- Associated Press - Thursday, March 17, 2016

RALEIGH, N.C. (AP) - North Carolina is reversing warnings about water that health officials said was too polluted to drink and now reassuring residents who live near pits that hold waste from decades of coal-burning for electricity that their well water is safe.

The state health agency issued written warnings last April to the owners of 330 water wells near eight Duke Energy power plants that their well water was too contaminated with vanadium and hexavalent chromium to use. Now a new letter is being sent to homeowners who draw from 235 of those wells suggesting more confidence in the safety of the water. The remaining 95 water wells will continue to carry a “do not drink” warning because of the presence of arsenic, cobalt or other pollutant, an agency spokeswoman said.

The letter, which the Department of Health and Human services began mailing out Friday, states that the water is “as safe to drink as water in most cities and towns across the state and country.”

State agencies fanned out to test the groundwater near coal-burning plants owned by the country’s largest electric company after a massive coal-ash spill two years ago. The disaster left a 70-mile stretch of the Dan River coated in toxic sludge and raised about concerns arsenic and heavy metals in the water.

The new guidance from North Carolina health officials reversing the earlier don’t-drink water warning is perplexing residents like Deborah Graham, who lives near Duke Energy’s Buck power plant in Salisbury.

“I kind of feel the state is kind of flip-flopping and now trying to back-peddle to get themselves out of a situation,” Graham said. “I’m not going to drink the water.”

She said she was persuaded by state toxicologist Ken Rudo’s warning last year that the state was being cautious due to the lack of clear research showing how much vanadium and hexavalent chromium - heavy metal elements - is too much.

Rudo is on leave from his toxicology post and declined to discuss the department’s change when contacted by phone. At a Salisbury public meeting last summer, Rudo said the state’s caution was prompted in part because hexavalent chromium can change the body’s DNA in ways that can lead to cancer.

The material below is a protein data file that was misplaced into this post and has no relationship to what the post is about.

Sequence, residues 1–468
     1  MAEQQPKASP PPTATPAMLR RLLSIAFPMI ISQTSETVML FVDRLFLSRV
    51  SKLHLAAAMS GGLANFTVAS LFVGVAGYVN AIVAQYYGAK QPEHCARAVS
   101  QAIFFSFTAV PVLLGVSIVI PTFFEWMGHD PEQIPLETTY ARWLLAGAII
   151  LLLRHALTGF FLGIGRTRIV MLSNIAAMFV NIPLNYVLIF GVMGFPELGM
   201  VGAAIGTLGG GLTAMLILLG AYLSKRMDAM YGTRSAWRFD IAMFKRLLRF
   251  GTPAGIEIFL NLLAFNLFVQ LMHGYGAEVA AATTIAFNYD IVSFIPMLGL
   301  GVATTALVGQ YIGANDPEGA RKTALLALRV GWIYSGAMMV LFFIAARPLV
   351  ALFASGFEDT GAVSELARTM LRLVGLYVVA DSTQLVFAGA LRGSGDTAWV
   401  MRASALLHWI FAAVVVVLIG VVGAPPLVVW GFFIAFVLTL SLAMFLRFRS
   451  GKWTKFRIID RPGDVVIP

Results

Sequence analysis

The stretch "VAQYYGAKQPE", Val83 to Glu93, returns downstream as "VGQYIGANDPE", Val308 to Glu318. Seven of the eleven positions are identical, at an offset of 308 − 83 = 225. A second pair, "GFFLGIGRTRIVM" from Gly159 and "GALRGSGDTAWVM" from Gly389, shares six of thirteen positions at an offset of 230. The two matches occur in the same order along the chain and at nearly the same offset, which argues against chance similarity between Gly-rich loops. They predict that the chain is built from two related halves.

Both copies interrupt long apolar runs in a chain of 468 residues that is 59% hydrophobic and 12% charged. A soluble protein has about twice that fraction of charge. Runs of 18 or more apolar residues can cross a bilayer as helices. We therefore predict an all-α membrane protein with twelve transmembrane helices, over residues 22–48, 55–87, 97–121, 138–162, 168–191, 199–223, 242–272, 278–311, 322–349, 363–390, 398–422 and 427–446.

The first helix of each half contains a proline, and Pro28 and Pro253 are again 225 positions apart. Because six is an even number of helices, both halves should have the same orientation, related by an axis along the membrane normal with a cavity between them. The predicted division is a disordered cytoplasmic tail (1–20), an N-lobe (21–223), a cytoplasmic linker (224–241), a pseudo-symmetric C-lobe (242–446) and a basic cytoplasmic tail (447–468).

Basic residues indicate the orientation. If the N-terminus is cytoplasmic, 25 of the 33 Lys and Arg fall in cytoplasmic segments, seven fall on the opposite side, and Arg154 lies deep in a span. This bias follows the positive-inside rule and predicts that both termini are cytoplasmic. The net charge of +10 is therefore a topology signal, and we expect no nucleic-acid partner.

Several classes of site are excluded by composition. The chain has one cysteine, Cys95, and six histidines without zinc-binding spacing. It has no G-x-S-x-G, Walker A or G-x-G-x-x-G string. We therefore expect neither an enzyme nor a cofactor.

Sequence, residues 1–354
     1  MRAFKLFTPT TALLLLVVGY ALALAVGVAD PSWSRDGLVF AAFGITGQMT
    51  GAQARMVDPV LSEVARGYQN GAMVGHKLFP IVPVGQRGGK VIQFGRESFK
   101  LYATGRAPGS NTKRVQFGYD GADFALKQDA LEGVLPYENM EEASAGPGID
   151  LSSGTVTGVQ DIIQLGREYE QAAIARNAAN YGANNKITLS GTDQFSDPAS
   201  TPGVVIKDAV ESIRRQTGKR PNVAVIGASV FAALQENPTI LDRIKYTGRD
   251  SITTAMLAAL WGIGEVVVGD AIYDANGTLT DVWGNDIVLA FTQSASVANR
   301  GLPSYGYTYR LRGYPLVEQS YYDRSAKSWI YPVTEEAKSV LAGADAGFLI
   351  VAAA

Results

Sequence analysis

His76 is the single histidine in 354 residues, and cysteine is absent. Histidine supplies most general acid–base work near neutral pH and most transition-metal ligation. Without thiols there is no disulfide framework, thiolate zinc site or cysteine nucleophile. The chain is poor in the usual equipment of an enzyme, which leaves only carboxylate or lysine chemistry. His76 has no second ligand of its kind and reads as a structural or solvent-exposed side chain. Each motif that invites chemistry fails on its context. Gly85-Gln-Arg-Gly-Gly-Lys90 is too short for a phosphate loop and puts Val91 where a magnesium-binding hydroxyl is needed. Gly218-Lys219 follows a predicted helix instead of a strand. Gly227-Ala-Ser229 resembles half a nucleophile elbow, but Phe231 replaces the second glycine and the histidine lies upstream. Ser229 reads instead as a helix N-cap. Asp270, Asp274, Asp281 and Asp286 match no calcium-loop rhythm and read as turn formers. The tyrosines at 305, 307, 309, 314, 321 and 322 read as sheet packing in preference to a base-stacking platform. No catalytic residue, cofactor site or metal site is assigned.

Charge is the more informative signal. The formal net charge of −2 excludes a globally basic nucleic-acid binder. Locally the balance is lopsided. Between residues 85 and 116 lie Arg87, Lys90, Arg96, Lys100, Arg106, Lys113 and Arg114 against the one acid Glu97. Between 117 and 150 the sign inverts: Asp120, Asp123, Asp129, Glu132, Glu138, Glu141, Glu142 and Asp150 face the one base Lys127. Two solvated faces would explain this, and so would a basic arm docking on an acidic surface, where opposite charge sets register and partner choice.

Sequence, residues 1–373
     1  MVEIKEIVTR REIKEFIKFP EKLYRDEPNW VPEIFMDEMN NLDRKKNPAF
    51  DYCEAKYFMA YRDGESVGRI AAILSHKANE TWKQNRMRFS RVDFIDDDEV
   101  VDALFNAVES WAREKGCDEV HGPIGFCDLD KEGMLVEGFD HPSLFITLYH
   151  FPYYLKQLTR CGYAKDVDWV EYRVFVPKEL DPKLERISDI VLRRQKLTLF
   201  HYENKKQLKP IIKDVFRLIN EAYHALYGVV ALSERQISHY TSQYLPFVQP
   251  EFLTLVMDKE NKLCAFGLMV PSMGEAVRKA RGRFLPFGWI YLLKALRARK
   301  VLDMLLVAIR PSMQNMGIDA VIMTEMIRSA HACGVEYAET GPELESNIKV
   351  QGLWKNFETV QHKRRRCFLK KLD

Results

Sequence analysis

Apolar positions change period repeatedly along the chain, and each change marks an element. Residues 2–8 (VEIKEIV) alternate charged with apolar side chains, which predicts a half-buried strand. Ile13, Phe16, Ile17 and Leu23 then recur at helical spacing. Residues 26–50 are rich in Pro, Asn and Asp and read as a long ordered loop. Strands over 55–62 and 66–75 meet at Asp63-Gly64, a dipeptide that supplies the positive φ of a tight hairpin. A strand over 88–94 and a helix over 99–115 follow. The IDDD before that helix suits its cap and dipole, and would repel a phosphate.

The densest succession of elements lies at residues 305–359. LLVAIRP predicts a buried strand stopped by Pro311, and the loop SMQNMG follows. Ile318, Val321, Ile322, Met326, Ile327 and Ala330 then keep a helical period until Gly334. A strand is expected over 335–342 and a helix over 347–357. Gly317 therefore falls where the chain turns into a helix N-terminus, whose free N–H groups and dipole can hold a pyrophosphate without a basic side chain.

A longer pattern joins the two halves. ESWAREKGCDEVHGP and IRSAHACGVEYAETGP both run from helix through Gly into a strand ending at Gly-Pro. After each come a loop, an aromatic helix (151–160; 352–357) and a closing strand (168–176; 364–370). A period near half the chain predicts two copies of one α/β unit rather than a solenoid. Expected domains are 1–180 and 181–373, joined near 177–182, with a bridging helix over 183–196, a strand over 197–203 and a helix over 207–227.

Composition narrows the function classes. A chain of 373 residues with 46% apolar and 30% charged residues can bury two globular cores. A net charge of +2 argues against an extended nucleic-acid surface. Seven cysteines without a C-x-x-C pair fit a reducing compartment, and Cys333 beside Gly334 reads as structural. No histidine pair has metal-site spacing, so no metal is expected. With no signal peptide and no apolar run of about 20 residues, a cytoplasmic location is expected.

“There really is no safe level of exposure” to a carcinogen like hexavalent chromium, the Salisbury Post reported Rudo as saying.

However, State Health Director Dr. Randall Williams said the Department of Health and Human Services now has more information than it did last year about the risk posed by the amounts of vanadium and hexavalent chromium in the water and determined the warnings weren’t needed. The warnings were based on a standard much stricter than nearly anyplace else in the country.

“In an abundance of caution, we purposely set very cautious levels” last year, Williams said. “We now think it’s appropriate to drink the water.”

Hexavalent chromium is a human carcinogen when inhaled and oral exposure can harm the liver, kidney and other organs, according to the U.S. Environmental Protection Agency. Vanadium’s cancer and other health risks are less well known. Both can occur naturally in soil or as a result of industrial byproducts like coal ash.

Duke Energy has said all along that its coal-ash pits were not polluting the private wells of surrounding homes. The company applauded the state’s latest move. Spokeswoman Paige Sheehan wrote in an email that “the evidence demonstrates that the water is safe, just as safe or better than the public water supplies millions of people in the nation rely on.”

The company has delivered bottled water for most of the past year to about 380 households to give them “peace of mind while more research was done,” Sheehan wrote. Duke will continue delivering water to neighbors near the power plants where wells were tested, Sheehan said. They include 214 neighbors of the Allen plant in Belmont and 80 homes near the Buck plant in Salisbury.

The company is providing water to residents near most of the plants where toxic coal ash is buried. They include Duke Energy’s Asheville, Belews Creek, Cliffside, Marshall, Roxboro and Sutton facilities.

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Follow Emery P. Dalesio at http://twitter.com/emerydalesio. His work can be found at http://bigstory.ap.org/content/emery-p-dalesio

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